Since April 2012, the Principles for Financial Market Infrastructures (PFMIs) have provided the basis for monitoring financial market infrastructures. Drawn up by the Basel Committee on Payments and Market Infrastructures (CPMI) and the International Organization of Securities Commissions (IOSCO), the goal of these principles is to improve the stability and resilience of financial market infrastructures. The 24 principles of the PFMIs align, tighten and add new aspects to the international recommendations which have so far applied to financial market infrastructures and now form the basis for various European regulatory approaches. They were implemented in the euro area for systemically important payment systems (SIPS) in form of an ECB-Regulation (SIPS Regulation). The Eurosystem developed its first set of standards for the oversight of payment instruments independently of the PFMIs. At a later stage, these standards were – based on the PFMI – revised and updated, and published in November 2021 as the Eurosystem oversight framework for electronic payment instruments, schemes and arrangements (short: PISA framework). The Bundesbank applies them to the joint monitoring of payment instruments deployed internationally as well as to oversight at the national level.

Distinguishing oversight from banking supervision and system operation

A general distinction should be made between the central bank function of oversight and the supervision of credit institutions as conducted by the European Central Bank, Bundesbank and Federal Financial Supervisory Authority within the meaning of the German Banking Act. In contrast to this form of supervision, which investigates individual credit institutions and credit institutions as a whole and carries out detailed inspections of individual institutions, the oversight function of central banks focuses on settlement systems (including the respective instruments) and inspects their structure and functioning.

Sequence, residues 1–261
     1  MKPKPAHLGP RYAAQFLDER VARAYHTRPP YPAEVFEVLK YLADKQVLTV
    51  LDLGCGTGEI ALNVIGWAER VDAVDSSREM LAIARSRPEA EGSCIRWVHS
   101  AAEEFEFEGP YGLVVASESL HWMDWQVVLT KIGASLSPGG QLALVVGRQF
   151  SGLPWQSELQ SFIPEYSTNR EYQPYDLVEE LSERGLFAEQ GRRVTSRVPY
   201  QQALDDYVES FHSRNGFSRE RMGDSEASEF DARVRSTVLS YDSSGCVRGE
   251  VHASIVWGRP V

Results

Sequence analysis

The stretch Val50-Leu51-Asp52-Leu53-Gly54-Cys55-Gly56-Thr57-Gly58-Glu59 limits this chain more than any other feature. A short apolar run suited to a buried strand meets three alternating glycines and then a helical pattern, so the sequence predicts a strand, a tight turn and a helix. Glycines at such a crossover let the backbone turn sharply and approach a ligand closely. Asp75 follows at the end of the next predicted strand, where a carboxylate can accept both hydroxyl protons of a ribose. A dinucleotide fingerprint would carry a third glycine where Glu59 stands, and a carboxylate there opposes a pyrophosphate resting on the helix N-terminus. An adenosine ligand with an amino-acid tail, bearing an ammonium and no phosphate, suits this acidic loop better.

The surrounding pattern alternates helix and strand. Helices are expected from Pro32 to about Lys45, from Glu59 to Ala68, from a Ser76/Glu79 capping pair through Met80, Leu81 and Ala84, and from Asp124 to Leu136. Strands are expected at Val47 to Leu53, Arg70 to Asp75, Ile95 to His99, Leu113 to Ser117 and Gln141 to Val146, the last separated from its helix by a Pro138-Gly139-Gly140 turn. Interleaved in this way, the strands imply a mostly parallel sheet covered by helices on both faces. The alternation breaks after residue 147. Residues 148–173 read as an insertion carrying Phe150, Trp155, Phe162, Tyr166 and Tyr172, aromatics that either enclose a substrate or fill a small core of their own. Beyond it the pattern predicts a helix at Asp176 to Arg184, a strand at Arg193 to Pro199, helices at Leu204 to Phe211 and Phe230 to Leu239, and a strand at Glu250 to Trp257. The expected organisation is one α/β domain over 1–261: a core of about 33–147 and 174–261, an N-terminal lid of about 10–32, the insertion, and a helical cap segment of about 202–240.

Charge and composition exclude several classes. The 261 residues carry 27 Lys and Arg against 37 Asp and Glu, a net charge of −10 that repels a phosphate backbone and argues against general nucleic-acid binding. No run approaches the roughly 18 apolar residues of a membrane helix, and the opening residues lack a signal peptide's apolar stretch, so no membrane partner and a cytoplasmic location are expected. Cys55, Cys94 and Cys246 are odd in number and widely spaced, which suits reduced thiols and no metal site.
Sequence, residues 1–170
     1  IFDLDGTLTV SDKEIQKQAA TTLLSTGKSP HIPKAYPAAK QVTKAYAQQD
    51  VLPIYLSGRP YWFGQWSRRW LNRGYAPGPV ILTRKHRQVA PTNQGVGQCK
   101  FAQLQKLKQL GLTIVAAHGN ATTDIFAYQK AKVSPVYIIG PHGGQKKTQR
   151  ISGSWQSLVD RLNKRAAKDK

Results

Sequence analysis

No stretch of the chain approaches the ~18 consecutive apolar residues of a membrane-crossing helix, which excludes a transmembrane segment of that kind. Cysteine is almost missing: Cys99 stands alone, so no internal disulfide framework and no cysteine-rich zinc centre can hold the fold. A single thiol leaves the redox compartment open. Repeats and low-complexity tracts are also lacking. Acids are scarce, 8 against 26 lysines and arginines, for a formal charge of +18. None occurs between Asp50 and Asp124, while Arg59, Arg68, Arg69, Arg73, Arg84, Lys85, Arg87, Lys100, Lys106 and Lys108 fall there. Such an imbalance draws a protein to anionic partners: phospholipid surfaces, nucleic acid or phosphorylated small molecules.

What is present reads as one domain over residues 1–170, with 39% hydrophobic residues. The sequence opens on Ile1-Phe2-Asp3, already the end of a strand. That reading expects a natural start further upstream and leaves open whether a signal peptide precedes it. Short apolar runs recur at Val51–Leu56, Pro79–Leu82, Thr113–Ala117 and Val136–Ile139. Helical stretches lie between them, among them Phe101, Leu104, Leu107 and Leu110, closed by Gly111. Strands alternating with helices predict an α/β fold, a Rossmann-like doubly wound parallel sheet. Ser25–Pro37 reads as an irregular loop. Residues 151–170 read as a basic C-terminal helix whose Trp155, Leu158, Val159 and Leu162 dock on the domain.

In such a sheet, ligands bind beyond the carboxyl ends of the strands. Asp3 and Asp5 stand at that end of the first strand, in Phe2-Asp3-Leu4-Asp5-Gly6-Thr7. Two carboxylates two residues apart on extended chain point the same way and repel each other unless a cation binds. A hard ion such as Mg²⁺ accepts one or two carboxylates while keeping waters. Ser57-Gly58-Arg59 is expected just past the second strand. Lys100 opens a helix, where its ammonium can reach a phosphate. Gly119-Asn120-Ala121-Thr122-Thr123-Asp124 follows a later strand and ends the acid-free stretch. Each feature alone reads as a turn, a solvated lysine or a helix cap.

Supervision and oversight also differ in terms of their powers of intervention. Banking supervisors have extensive regulatory powers of intervention and instruments, while those responsible for oversight in Germany traditionally have to rely on the force of their arguments (“moral suasion”): only systemically important payment systems are overseen on the basis of the SIPS-Regulation. However, with respect to those system operators and agents, such as the German central securities depository, German central counterparties and correspondent banks, which are additionally subject to prudential supervision, supervisors can via the relevant supervisory authorities work towards the desired change in behaviour. Running independent payment and securities settlement systems is a further important task of some central banks. In order to avoid any potential conflict of interest, these central banks are required to keep the operation of internal infrastructures and their oversight separate in organisational terms. Within the Bundesbank, this is ensured since the operation of payment systems and the oversight of these systems fall within the remit of different divisions with separate reporting channels.